Published on 12 July 2017
Three students who all fell pregnant and gave birth while in the middle of their Public Health degree have navigated the trials of raising a new baby to complete their course and graduate with honours together at the Stadium of Light.
Marie Hinds, Claire Fulcher and Stacey Walters all had their own personal reasons to make the life-changing decision to return to higher education fuelled by a passion to make a positive difference to other people’s lives through healthcare.
Their first year was challenging but all three women were embracing the course work, however, by the second year the adult learners had coincidently all fallen pregnant within weeks of each other. But rather than take a break from their degrees, the students carried on their studies, receiving support from their tutors as well as each other.
They all took a leave of absence to have their babies, then returned to complete the programme with impressive results and graduate at the University’s annual award ceremonies this week (July) alongside thousands of other students, receiving their awards from Chancellor Steve Cram.
Former nursery nurse Marie Hinds, 38, from Newcastle, applied to study at university as she wanted to do “something for herself” after being a stay-at -home mum to her seven children for 10 years. She said: “I found out I was pregnant with my son Grayson just before starting my second year and knowing that those grades counted towards my final marks, I wanted to stay at university for as long as possible and made sure I delivered my final presentation just seven days before giving birth!
“I was tired, but determined to meet all the deadlines and perform as well as I possibly could. Having two other classmates pregnant at the same time - Stacey due just a week before myself - was a great support with the three of us reassuring each other and becoming very close friends. I don't think I'd have coped as well as I did if it wasn't for Stacey and Claire going through it with me. We are quite a close knit class anyway so found that other students would also look out for us too, always asking if we needed anything.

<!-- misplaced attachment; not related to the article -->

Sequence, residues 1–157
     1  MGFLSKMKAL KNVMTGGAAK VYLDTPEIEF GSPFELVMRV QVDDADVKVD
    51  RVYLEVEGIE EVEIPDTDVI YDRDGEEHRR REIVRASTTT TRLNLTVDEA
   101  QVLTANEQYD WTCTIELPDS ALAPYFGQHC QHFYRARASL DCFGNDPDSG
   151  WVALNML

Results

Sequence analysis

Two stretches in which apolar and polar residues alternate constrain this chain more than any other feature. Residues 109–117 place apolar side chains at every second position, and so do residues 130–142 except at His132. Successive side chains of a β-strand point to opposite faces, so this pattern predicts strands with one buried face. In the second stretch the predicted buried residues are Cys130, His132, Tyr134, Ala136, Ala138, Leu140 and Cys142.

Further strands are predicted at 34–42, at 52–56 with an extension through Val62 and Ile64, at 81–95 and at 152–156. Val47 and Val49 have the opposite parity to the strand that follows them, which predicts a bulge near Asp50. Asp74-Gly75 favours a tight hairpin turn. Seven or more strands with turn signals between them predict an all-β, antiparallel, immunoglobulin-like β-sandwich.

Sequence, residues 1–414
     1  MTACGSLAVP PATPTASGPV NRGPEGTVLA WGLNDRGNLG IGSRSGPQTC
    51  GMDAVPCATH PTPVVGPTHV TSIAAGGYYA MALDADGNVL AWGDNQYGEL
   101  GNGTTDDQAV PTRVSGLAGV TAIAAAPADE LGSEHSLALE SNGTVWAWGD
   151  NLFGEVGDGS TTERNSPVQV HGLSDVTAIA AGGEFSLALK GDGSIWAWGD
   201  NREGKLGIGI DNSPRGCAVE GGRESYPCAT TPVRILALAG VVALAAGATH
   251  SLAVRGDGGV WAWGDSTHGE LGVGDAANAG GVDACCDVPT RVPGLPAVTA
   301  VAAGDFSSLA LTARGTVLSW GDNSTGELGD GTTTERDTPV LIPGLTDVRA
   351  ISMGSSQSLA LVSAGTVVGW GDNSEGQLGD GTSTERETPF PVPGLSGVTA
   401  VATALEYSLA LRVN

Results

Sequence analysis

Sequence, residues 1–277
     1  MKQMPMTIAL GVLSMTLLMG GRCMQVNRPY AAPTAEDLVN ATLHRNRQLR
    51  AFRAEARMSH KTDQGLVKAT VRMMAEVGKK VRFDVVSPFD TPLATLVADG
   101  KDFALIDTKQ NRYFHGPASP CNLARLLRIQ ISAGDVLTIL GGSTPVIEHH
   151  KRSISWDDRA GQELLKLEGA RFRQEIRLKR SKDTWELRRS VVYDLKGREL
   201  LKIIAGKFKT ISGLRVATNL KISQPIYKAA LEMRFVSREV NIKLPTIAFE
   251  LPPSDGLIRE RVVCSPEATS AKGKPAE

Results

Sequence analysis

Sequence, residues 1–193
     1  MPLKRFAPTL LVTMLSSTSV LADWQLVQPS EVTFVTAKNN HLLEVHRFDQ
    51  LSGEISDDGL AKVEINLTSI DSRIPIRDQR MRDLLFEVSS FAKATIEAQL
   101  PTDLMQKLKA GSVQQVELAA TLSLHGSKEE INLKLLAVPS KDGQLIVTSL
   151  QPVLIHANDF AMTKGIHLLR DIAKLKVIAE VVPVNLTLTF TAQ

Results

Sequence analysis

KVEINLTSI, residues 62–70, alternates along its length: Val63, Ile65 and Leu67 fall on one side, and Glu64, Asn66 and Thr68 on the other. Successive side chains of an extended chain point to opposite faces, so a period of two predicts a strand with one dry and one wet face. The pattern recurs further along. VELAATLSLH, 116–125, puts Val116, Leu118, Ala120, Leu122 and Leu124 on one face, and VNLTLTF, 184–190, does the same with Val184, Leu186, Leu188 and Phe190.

“The main challenges really was managing the balance between hitting deadlines and looking after my health as I found it exhausting at times, especially travelling back and forth to university in my later stages of pregnancy."
She added: “I've made some great friends along the way and I have learnt so much about public health. My academic writing went from strength to strength with my grades improving massively as I progressed through the course. My final grade was a First Class Honours. I would never have thought in a million years that I'd have ended with a first but by taking on board all the feedback given during each assignment and using that to better myself and learning how to structure an academic essay to a university standard helped me immensely.”
Marie will now take what she has learned both personally and academically to begin a Midwifery Postgraduate Diploma at Northumbria University starting in September 2017.
Claire Fulcher, 28, from Bedlington, Northumberland, decided to swap her day job in a call centre for a career in healthcare. She said: “I always knew that I wanted to study further, but it took me a few years to pluck up the courage and figure out what sort of course to apply for.
“I chose public health as I found it interesting and really enjoyed the experience. University has been so supportive, especially when I became pregnant with Scarlett, my first baby. I needed to change my module choices and this was no problem. As a first time mum, it definitely helped that two of my fellow students were going through the same thing at the same time, we were able to discuss problems both pregnancy and uni related.
“After completing my second year pregnant and third year with a newborn, it's sounds cheesy but I'm actually really proud of myself for completing and achieving a 2:1.”
Claire is currently applying for a Masters in Psychology with a view to working in the area of Health Psychology in the future.
Stacey Walters, 23, from Sunderland, loved her course and says she has learned so much from her experience.
“It was challenging because I was pregnant all of the second year, and had a baby boy, Lochlan, in the third year, I also have another six year old boy. But thanks to the support of my tutors and Marie and Claire, it was not too bad, it really helped and we just kept each other going through it all.”
Stacey now plans to complete a Masters in Public Health and work in the area of community health, helping people with drug and alcohol problems.
Karen Carling, Senior Lecturer – Programme Leader BSc (Hons) Public Health, said: “I can remember my first day with these students who were anxious, nervous and somewhat overwhelmed by what lay ahead of them – but the one thing they all possessed was a passion for health and the enthusiasm to make a positive difference in the health arena.
“I am extremely proud of all the graduates as they are the first ones that I have seen progress through the degree as programme lead. Claire, Marie and Stacey have achieved so much despite all taking a Leave of Absence to have babies. They all returned to their studies and completed the programme with exceptional results. Well done – you all deserve it!”